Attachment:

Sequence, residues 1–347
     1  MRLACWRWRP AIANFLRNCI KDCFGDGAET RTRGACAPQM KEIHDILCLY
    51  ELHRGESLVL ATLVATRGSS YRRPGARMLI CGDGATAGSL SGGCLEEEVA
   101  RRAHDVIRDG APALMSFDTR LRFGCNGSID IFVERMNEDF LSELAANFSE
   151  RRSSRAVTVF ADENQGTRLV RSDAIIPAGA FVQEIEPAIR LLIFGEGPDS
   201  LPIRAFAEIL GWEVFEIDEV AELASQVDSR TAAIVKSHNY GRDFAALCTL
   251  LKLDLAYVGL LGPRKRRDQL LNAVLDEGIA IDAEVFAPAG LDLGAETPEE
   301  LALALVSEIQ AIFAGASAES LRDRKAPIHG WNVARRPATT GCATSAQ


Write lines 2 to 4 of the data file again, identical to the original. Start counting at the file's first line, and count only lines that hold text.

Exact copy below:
     1  MRLACWRWRP AIANFLRNCI KDCFGDGAET RTRGACAPQM KEIHDILCLY
    51  ELHRGESLVL ATLVATRGSS YRRPGARMLI CGDGATAGSL SGGCLEEEVA
   101  RRAHDVIRDG APALMSFDTR LRFGCNGSID IFVERMNEDF LSELAANFSE